INDIANAPOLIS, Ind. - A historic travel advisory from the Centers for Disease Control warns Americans about traveling to a Miami neighborhood due to an outbreak of the Zika virus.
Pregnant women should avoid the Wynwood neighborhood, just north of downtown Miami. Fourteen cases of Zika were spread in this small area. An additional case of Zika was confirmed in Miami-Dade County Tuesday afternoon.
Direct flights from Miami land at the Indianapolis International Airport on a daily basis. Travelers like Lila Syed, who spent three days in Miami, shared health concerns.
"I was anxious to get back home," she said. "I heard about this last week did a little bit of research knowing that I was going."
Other women returning home after a trip to the Sunshine State said they didn't feel very worried about Zika.
"I get bit by mosquitoes a lot but I don’t typically get bit in Miami," said Amy Ikerd. "It's usually here. No one is planning on becoming pregnant any time soon. If so, then we would’ve been concerned."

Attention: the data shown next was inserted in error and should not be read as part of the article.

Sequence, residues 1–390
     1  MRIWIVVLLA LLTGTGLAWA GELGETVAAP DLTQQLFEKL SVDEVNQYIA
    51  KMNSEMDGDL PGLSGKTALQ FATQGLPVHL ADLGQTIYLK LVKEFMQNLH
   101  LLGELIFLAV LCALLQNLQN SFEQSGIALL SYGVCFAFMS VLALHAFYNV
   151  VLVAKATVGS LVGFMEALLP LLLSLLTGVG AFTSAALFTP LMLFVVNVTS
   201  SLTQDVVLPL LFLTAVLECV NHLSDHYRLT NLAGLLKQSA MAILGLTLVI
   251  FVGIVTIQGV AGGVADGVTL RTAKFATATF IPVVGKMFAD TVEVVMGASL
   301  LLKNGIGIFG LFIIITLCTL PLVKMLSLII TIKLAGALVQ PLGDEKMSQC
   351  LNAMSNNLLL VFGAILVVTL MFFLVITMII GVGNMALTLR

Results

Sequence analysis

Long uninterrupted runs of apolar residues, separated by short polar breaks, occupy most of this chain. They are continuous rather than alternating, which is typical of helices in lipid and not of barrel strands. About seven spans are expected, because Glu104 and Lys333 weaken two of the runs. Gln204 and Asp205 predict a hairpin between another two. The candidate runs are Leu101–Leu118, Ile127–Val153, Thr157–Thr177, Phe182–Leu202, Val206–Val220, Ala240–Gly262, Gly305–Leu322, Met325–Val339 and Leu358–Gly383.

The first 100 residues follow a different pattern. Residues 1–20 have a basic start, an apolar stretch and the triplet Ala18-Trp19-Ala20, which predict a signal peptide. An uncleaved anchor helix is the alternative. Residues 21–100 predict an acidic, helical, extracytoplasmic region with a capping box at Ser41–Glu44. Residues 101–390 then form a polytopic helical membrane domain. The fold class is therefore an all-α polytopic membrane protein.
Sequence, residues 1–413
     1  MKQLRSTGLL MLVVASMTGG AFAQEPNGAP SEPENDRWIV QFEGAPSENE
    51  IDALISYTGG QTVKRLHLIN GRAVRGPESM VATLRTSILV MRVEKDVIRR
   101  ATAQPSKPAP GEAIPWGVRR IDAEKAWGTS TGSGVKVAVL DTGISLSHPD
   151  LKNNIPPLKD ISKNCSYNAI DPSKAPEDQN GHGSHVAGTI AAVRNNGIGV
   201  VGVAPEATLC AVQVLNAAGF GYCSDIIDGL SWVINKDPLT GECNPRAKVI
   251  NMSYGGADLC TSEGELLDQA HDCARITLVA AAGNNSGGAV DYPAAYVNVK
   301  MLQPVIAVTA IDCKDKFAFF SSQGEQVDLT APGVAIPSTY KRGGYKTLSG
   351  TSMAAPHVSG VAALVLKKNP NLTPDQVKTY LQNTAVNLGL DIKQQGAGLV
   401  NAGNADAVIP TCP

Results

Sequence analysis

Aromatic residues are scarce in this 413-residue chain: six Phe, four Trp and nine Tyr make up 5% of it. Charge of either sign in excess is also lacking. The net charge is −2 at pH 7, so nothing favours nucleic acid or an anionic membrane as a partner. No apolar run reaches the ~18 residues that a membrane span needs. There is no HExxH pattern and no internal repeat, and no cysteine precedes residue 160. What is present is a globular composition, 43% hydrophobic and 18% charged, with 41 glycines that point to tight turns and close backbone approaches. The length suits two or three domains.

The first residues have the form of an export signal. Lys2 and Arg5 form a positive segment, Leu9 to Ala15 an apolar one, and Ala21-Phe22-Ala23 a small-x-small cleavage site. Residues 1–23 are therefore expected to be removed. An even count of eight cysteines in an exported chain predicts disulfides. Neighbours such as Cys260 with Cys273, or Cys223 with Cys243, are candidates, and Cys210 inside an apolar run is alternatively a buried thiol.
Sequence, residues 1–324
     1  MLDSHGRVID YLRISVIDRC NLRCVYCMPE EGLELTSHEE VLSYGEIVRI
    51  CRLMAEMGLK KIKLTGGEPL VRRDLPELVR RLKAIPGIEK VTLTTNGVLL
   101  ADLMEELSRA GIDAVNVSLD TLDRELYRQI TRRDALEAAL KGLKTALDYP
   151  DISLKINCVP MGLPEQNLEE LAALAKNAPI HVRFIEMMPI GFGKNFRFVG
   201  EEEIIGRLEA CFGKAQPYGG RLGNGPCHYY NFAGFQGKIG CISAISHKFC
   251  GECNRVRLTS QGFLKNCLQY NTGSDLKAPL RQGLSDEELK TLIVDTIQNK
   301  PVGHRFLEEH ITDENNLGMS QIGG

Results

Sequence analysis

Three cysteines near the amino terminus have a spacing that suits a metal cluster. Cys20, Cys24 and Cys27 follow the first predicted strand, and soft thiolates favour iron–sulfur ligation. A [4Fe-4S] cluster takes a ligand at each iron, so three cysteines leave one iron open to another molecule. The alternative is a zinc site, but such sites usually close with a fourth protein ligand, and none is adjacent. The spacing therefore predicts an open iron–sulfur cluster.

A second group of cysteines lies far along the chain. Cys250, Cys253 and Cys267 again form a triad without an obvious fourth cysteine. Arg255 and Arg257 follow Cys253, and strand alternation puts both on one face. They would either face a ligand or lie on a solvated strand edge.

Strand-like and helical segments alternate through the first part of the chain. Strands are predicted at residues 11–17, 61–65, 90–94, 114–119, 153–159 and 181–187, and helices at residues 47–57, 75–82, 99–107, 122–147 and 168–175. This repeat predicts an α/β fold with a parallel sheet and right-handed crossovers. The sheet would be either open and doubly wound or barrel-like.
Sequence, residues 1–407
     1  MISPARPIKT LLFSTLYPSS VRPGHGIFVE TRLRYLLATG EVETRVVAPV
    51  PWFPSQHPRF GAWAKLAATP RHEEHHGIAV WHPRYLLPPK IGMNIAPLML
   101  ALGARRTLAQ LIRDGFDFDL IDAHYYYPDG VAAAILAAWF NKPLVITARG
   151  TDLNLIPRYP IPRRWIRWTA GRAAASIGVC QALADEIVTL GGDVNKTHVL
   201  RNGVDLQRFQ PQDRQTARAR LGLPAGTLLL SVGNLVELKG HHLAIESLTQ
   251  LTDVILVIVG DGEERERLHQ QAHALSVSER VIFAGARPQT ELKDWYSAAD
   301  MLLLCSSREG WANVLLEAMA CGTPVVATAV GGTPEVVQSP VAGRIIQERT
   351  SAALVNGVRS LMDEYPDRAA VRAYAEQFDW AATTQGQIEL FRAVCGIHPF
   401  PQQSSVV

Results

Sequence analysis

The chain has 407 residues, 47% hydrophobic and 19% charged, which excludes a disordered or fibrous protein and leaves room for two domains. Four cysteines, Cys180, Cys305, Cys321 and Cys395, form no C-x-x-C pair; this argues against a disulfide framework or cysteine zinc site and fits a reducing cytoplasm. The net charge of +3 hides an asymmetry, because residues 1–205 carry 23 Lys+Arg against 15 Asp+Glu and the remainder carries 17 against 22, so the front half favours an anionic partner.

The Indiana State Department of Health is working to monitor mosquito populations and prevent the spread of the Zika virus in the Hoosier state.
"We are doing enhanced surveillance for those particular mosquitoes that are capable of transmitting Zika," said Dr. Jennifer Brown, from the Indiana State Department of Health. "We are using different types of mosquito traps that will target those species."
The mosquito believed to transmit the virus is the Aedes aegypti and it has not been found in Indiana, according to Brown.
"We feel the risk of widespread Zika transmission in Indiana remains low," Brown said.
The CDC recommend all pregnant women in the United States be assessed for exposure to the Zika virus. Anyone planning on getting pregnant who has traveled to the Wynwood neighborhood should wait at least eight weeks.
In order to get tested for the virus, experts suggest going to your doctor so he/she can determine whether the test is necessary. Commercial diagnostics labs are also offering Zika testing.